Attacking, whether it is newbies or 'experts' is neither helpful or productive.  The reason this regularly comes up, is because:-

1)   People have a been led to suspect from the video, that it just works.

2)   The docs are a mess, although they are getting better.

I bought fiire as to me, it was worth the extra $100 to get a so called working system.  It doesn't by the way.  I was testing pluto for 18+ months previously as well.  I have bought numerous pieces of compatible equipment, most of which are working in isolation.  I do contribute feedback, my equipment experiences on the wiki, when I can but due to work (longer than 40-hrs) and marriage, my time is a lot more limited than it used to be when I was younger.  Just because I can't contribute more, does NOT invalidate the following.  I also don't want any support on my issues at the moment.  I have spent over 120 hrs the past 4-months and work and home commitments have a higher priority at this time.

It didn't work with my haupaggue 250, 350 and pchdtv 3000 cards despite a couple of hours of fiire support, until I figured out that the v4l modules were loaded, instead of the, documented for over Two years, DVB module.  It worked as soon as installed that but I have numbers of slot issues so I'm switching to HDhome run. No slots needed.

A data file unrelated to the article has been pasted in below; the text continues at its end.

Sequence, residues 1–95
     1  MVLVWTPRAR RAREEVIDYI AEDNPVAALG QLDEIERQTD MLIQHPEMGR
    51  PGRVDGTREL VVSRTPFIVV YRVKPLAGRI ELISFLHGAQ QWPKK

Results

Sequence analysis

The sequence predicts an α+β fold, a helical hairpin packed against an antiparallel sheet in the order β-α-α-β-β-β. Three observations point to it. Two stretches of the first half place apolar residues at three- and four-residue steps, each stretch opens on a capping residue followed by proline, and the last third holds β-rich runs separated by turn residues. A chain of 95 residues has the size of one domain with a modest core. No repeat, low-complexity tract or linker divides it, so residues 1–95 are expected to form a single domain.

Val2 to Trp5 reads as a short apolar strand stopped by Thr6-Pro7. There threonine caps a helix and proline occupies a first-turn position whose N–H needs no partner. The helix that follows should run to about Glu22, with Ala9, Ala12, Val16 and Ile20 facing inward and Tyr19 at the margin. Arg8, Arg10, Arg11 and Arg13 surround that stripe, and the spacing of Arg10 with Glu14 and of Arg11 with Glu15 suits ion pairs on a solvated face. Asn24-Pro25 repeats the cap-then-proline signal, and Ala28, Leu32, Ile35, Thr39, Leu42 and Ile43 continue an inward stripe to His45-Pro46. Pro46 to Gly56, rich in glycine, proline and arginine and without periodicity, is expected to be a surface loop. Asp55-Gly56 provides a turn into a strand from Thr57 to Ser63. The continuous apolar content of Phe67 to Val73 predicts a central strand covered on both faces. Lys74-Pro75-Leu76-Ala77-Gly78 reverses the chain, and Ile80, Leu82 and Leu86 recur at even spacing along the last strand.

It didn't work with my RCA HDTV despite many support calls, but I had never used the DVI input so that was suspect.  I couldn't find anyone that had a HD/Blue ray player to test.  Component quality was poor and breaks up.  Composite and S-video for my other older TV's in the house was virtually unusable.  After 6-weeks plus of frustration in January, I bought Sharp LC-42064U with free Sharp Blue-ray player and the fiire engine worked with the sharp stright away. The fiire station still doesn't though.  The blu-ray also worked with the RCA TV in HD straight away as well.  So why does the standard commercial blue-ray hdmi/dvi on the RCA work, but neither the fiire engine and fiire station  work on that TV ?

Something is seriously wrong with the outputs selected from the GUI screen.

I think the whole project is running before it can walk.

It's great to keep adding lot's of nifty new features ( and secondary teams can do that) but what about getting some project management (core team) in and focusing on and getting the basics working perfectly on limited hardware until later.  ie. in order:-

1)   A short list (e.g. 3) of systems/motherboards/graphics/sound that work 100% (not 90%, 98.6% or 99.8% but 100%) as a server/hybrid - and focus on those alone at the moment.  The server may be in the closet but the cable can still come through the wall into the other room.  This is called the lowest common denominator.

2)   A short list (e.g. 3) of systems/motherboards that work 100% as a director/client - and focus on those alone at the moment.